Country: United Kingdom
There are DJs who can rock a party, a club, a festival. And there are acts that can write songs that will bring out the goose bumps in you. But there’s only one group that can do both: Above & Beyond. This three piece have remixed Madonna, won Essential Mix of the Year, and played to one million people in Rio de Janeiro. More importantly they’ve written songs with the power and the melody to en-trance that one million-strong crowd, many of who were singing along, word for word.
Above & Beyond make music, pure and simple. That music happens to be electronic. And it connects. “We’re a group,” says Above & Beyond founder Tony McGuinness. “And what we’re trying to do is exactly do that, connect with people. You try and describe something in your own life, but in a way that will resonate with other people. When you see people singing along as passionately as they do, I guess you’re getting it right.” This makes Above & Beyond unique, not just in trance, but in popular music as well. “We like to think of ourselves as songwriters first,” says Paavo Siljamaki, who with Jono Grant makes up the trio. “That’s our approach to music. The most challenging thing is to write a song that really touches the listener.”
Above & Beyond are not people who like to do things by halves. Witness their latest release, ‘Anjunabeats 100’ – a collection of the very best tracks from their universally respected Anjunabeats label. The album also includes a DVD documentary, which captures the two shows the band played over Christmas and New Year 2007. First they travelled to Goa, India, the spiritual home of trance and their label Anjunabeats, to play an unforgettable sunset set at an open-air beach festival. Days later they flew to Rio de Janeiro, Brazil, another stronghold of the international trance sound, to headline a New Year’s Eve show on Barra de Tijuca beach – in front of one million people. Dressed in the traditional white of Brazilian New Year, Above & Beyond captivated Rio with a set that was truly magical. Many of that crowd were fans who had travelled from all over Brazil.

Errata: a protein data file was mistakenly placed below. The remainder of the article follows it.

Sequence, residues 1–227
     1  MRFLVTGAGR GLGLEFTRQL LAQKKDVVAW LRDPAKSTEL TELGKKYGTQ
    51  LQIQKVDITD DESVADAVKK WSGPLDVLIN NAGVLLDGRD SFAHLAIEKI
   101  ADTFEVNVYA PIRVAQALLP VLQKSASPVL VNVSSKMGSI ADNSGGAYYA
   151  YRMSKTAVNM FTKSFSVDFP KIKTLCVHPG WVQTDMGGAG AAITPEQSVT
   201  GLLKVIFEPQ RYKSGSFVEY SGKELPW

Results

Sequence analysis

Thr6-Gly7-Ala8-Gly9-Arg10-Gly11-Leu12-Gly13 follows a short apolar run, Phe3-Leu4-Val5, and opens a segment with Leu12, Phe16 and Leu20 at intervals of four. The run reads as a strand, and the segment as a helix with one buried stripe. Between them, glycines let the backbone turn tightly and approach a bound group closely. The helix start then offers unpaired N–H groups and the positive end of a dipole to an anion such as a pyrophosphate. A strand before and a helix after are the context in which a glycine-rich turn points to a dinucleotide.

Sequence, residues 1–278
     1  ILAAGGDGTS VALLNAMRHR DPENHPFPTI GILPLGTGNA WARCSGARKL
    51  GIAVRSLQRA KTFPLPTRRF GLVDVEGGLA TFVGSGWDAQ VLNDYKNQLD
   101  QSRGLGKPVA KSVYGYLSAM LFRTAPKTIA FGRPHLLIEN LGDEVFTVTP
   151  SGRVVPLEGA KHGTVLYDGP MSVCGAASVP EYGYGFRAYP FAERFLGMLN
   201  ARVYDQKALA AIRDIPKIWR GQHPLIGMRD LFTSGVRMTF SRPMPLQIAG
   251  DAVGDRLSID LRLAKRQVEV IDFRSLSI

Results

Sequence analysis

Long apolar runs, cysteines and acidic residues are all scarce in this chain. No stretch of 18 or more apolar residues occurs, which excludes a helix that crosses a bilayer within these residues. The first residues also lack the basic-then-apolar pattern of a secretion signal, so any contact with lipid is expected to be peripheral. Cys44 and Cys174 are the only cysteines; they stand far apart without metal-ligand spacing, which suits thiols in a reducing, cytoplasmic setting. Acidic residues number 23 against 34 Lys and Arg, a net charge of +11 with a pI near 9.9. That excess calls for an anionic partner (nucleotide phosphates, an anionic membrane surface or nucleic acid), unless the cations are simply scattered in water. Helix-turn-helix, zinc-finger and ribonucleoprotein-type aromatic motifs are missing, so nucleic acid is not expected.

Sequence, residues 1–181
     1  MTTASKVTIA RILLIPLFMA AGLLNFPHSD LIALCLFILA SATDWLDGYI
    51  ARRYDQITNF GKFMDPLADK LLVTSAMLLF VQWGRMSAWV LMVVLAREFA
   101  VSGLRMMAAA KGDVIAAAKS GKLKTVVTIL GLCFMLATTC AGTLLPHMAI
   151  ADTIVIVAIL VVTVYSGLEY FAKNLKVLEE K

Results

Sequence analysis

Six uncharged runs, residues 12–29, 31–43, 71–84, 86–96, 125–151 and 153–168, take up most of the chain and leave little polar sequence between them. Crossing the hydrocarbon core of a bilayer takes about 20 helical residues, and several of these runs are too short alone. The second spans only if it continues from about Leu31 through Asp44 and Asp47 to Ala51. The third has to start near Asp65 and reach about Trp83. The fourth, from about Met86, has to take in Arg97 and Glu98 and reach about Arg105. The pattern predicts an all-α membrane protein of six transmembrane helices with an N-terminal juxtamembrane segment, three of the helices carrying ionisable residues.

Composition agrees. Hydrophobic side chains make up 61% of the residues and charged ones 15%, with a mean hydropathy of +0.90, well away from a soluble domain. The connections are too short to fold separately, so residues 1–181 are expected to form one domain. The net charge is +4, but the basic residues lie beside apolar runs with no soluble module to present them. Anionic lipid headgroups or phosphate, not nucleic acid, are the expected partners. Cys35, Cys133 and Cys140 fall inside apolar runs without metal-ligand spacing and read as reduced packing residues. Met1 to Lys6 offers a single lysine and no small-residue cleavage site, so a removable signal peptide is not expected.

“It was life-changing,” says Tony. “It was amazing to look out and see that many people. In some ways it was too big to comprehend!” From club gigs in Eastern Europe to major festivals like Coachella in California, Above & Beyond have the ability to entrance audiences. Their music has grandeur and melody, but it’s edged with steel too. There are dark shadows but sweet moments too. And it’s bigger than any genre. Trance is too small a word for what they do.
All three are experienced musicians who know their way around a studio without the need for engineers. Tony McGuinness was marketing director for Warner Brothers Records – but for years previously was the guitarist/songwriter of cult indie band Sad Lovers & Giants. Asked to organize a remix of Chakra’s ‘Home’ in 2000, he joined together with Jono Grant and Paavo Siljamaki – and Above & Beyond was born. “By coincidence we ended up putting three individuals with complimentary and different talents into the mix,” says Tony. Pete Tong quickly latched on to their talents: that debut remix for Chakra quickly reached Number One on the club charts. It’s been a rollercoaster ride ever since.
Jono Grant first discovered dance music when he borrowed his brother James’s cassette of Paul Oakenfold’s classic Goa mix – and fell in love with its sweeping melodrama. He was already training as a classical pianist and played guitar. But that mix inspired him to start building his own studio, taking on part time jobs to buy bits and pieces of equipment. “I managed to save up enough money from mowing the lawn to buy a drum machine,” he laughs. By the time he arrived at London’s University of Westminster, he had a small, yet compact studio, which completely filled his tiny 4 x 2 metre university room. His first production was a remix of Strike’s Top Five hit ‘U Sure Do’.
Paavo had arrived at the same university from his native Finland, where he had already fallen in love with electronic music and composed music for theatre. Also classically trained on cello and piano, he was studying music business. The two met one beery night in university halls and Jono proceeded to play his latest productions. “I love this kind of music,” Paavo told Jono. “Let’s write a track together.” Jono loved the idea. They pooled their studio resources in one mad taxi dash, and Anjunabeats was born. It is now one of the most famous labels on the world stage.